SP: Currently, we are very limited in what we can do, as the Brexit negotiations have not begun. However, it is more likely that EU nationals already working here will be able to remain. That must be a key demand.

AP: Not a great deal as we don’t think anyone has a clear picture of what any of this means as of yet. Nevertheless, it seems unlikely that staff already working in the UK would be ‘thrown out’.

CS: We provide personal and corporate reassurance that we will do what we reasonably can to protect each individual’s position. However Home Secretary Amber Rudd’s statement before Christmas that “up to one million EU citizens could be deported” and letter of 8 January suggesting that “the rights of EU citizens resident in the UK would form part of a negotiation” were unsettling.

Do you hope that there is an interim agreement that means this is all put off for years?

SP: That is unrealistic.

BG: We think ‘hard Brexit’ will happen and the country will suffer as a result.

AP: No, I’d rather it was decided in reasonable time so that we can all get on with rebuilding confidence in the market. However, I wouldn’t want any agreements rushed.

Christopher Shaw, senior director, Medical Architrecture

How many staff are affected and how have they reacted?

CS: All our staff (including me) will be affected. We are concerned.

SP: Some 20 per cent of our staff are affected and, naturally, they are anxious.

IH: Eight, although we are dealing with two by employing them as consultants because they work abroad.

BG: Some 75 per cent, including me.

AP: Only one staff member (despite having an international team), and they were shocked and angry at first. But as we are unsure what Brexit means they have now taken it their stride.

Adam Parker, associate director, Greig & Stevenson

Do you see any positives to Brexit for architects, such as a weaker pound making property investment cheaper?

AP: At present, not really. I wouldn’t necessarily see the latter as a big positive.

CS: No.

SP: No, with one exception, though. Outside the EU the function of the Architects Registration Board (ARB) can be transferred a little more easily to the RIBA bringing greater coherence and effectiveness to professional education, entry and regulation.

IH: The rising cost of building materials and labour may offset this. And I am not sure who benefits really. The last thing London needs is more unoccupied “investment” property.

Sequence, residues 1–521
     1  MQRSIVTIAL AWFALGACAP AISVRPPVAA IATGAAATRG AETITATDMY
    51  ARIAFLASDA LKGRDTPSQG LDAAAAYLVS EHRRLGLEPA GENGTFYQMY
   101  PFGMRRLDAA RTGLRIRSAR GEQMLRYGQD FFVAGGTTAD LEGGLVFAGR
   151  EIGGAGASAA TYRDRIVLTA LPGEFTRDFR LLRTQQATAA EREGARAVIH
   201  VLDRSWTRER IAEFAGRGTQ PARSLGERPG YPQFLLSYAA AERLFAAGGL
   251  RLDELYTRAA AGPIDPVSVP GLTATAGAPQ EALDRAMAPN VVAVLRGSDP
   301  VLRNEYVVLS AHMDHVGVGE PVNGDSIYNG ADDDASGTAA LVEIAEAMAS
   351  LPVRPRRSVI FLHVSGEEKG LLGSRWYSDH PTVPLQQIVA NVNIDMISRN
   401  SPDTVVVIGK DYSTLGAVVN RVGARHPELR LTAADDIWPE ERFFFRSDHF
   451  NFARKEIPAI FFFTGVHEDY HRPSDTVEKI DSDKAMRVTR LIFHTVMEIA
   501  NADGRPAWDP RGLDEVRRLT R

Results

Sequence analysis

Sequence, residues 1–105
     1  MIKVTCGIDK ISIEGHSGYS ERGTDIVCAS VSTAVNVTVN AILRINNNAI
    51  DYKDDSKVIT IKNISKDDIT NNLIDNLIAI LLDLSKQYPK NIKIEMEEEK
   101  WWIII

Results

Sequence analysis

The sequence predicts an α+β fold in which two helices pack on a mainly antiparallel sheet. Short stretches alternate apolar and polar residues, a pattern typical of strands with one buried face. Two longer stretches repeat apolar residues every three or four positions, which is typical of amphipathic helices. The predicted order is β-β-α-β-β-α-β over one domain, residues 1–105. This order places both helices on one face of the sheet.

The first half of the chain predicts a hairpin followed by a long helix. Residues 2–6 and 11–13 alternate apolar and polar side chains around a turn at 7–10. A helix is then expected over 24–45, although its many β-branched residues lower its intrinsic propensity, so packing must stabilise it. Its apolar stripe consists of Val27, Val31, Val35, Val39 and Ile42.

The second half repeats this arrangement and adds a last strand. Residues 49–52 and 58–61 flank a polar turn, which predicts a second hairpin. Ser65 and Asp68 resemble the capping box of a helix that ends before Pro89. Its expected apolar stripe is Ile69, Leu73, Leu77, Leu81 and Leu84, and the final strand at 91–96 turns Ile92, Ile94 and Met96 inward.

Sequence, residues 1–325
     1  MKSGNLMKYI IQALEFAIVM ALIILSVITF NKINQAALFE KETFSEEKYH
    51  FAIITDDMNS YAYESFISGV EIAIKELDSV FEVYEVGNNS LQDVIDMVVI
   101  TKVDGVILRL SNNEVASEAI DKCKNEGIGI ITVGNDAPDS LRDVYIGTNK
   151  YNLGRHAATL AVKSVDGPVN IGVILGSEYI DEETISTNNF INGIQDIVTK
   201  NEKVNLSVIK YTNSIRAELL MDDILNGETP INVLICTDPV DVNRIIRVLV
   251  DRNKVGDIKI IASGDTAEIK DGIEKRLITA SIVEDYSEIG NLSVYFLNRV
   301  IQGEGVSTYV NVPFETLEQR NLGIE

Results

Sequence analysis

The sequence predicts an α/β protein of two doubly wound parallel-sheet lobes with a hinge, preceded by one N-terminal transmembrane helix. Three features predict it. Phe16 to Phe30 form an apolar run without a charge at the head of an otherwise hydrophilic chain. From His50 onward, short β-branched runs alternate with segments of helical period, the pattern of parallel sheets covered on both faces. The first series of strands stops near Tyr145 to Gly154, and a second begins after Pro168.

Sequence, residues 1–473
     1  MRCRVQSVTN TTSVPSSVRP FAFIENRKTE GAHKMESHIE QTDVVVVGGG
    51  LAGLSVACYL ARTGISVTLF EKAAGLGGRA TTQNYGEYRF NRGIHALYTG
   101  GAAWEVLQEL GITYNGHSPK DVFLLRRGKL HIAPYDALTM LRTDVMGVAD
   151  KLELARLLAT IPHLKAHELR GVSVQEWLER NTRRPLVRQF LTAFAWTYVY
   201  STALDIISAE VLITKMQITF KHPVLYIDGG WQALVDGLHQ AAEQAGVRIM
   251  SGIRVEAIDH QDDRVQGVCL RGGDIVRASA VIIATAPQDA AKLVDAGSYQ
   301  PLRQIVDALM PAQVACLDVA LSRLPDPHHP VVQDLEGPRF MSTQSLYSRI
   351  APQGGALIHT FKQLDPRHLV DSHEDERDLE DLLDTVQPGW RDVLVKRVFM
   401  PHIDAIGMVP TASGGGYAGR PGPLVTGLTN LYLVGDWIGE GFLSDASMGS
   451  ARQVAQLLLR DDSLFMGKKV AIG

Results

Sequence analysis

BG: The percentage of international investors may increase. But, if the economy can’t provide the skills to design and build the developments, the attractiveness of a weaker pound will be balanced by an increase in costs.

Ian Hogarth, owner, Hogarth Architects

Do you think Sadiq Khan’s ‘London visa’ idea is useful?

IH: Wishful thinking. London will continue to be the cash-cow for all the regions that voted “out.”

SP: Making a special case of London is not going to help heal a divided country – that must be a key aim.

CS: None of the above, the London Mayor is probably sincere. However, London as a city state is unlikely to gain support in the UK or the rest of the EU.

BG: I think we need something akin to a ‘London Visa’ to protect our future.

AP: It would seem a useful prospect from the architecture profession’s perspective and, more generally, because of London’s cultural diversity and vibrancy. Conversely, it could further polarise London from other cities in the UK, broadening the socio-economic gap.

Have current schemes been affected by Brexit?

IH: Sales on a development we have been working on dried up overnight, after already being under pressure by the draconian Stamp Duty rises. Agents are downgrading/tightening projected sales prices, pushing some projects away from feasibility.

BG: Yes, we have had at least four projects cancelled or indefinitely suspended – this hits our cash flow hard.

AP: We haven’t experienced projects being stopped. But, then, currently we have more local authority clients than commercial. We are aware of other practices suffering a slow-down through lack of confidence from investors on large-scale commercial projects.

SP: Yes. An excellent architectural-model making company we know saw half their orders cut immediately after 23 June. However, the impact has since faded except in respect of high-end residential projects.